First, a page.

The December/January issue of Canada’s History has an article by Christopher Moore on the latest in the Canadian history of medicine. For “Healing words,” Moore interviewed four of Canada’s top medical historians to find out how the field has changed since the 1960s:
Jacalyn Duffin is the Hannah Chair of the History of Medicine at Queen's University and the author of the History of Medicine: A Scandalously Short Introduction, now in its second edition. (You can find out who the Hannah Chair is named for, and why, in Moore’s article.)
Edward Shorter is the Hannah Professor of the History of Medicine at the University of Toronto. University of Toronto Press is proud to have published his book Partnership for Excellence: Medicine at the University of Toronto and Academic Hospitals earlier this year.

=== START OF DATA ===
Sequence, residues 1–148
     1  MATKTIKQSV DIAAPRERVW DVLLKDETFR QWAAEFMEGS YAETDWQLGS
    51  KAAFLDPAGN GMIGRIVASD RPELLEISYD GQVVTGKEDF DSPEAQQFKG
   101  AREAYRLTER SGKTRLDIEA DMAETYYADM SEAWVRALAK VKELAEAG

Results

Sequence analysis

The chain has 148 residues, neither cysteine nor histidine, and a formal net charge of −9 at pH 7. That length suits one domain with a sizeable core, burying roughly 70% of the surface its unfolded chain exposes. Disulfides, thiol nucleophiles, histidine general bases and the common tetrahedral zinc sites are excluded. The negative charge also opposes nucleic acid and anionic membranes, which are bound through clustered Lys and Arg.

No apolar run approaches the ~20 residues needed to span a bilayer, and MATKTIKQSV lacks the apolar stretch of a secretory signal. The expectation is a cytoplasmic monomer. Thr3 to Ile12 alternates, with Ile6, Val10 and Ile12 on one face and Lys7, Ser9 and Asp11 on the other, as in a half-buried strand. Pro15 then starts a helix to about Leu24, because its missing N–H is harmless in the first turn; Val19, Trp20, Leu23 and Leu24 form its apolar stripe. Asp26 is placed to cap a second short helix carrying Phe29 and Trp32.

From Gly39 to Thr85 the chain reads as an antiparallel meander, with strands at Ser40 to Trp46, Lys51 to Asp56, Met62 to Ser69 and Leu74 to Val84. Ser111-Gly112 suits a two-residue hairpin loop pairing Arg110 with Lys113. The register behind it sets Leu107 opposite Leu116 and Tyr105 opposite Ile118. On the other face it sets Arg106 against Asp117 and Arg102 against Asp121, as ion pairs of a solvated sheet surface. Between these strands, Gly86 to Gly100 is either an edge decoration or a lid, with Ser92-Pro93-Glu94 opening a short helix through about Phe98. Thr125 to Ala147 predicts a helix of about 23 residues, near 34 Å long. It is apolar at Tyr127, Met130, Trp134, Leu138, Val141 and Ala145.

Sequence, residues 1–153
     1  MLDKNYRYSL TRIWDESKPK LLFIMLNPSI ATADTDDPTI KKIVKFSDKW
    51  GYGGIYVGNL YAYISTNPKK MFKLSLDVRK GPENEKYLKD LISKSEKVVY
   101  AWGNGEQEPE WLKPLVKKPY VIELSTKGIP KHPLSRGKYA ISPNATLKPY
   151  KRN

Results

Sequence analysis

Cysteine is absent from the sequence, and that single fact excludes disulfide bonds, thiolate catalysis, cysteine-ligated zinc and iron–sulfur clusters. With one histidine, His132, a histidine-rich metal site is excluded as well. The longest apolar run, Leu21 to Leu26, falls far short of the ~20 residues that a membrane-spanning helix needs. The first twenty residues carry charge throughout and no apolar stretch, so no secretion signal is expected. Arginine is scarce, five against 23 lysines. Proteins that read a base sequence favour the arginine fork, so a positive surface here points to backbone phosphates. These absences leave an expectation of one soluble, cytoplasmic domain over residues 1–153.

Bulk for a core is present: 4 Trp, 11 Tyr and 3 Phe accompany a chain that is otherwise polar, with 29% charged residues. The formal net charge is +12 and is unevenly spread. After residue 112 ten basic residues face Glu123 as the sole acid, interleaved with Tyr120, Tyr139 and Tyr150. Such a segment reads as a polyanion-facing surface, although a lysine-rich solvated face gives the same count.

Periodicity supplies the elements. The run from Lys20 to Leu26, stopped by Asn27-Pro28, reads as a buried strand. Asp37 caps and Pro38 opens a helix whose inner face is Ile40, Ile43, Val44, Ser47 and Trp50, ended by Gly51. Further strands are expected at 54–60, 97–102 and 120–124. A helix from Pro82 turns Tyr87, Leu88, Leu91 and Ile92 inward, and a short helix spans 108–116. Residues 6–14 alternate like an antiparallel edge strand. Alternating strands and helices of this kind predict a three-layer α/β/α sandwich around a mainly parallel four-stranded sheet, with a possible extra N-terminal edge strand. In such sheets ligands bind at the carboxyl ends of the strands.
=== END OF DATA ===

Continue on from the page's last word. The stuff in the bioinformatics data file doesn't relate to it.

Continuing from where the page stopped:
Wendy Mitchinson just released her new book, Body Failure: Medical Views of Women, 1900–1950 in September, her third with UTP.
Michael Bliss may be best known, as Christopher Moore says, for his The Discovery of Insulin. But that’s only one of his many books of medical and social history, including biographies of Frederick Banting, William Osler, and Harvey Cushing.
In the article, Moore says that Canadian medical history is continuing to expand, as “new ideas and new books arrive constantly, from med schools, history departments, and far beyond.” I asked Len Husband, acquiring editor for the history of medicine at UTP, what it was that had garnered these historians such attention. He told me that “not only are these historians exceptional at what they do, they are able to do it in an accessible manner: no mean feat when dealing with medicine. And they all illustrate the number of diverse approaches to medical history which seems to me evidence of a vibrant, growing, and frankly exciting field.”
The article in Canada’s History isn’t online, but you can find some online bonus content at the magazine’s website here.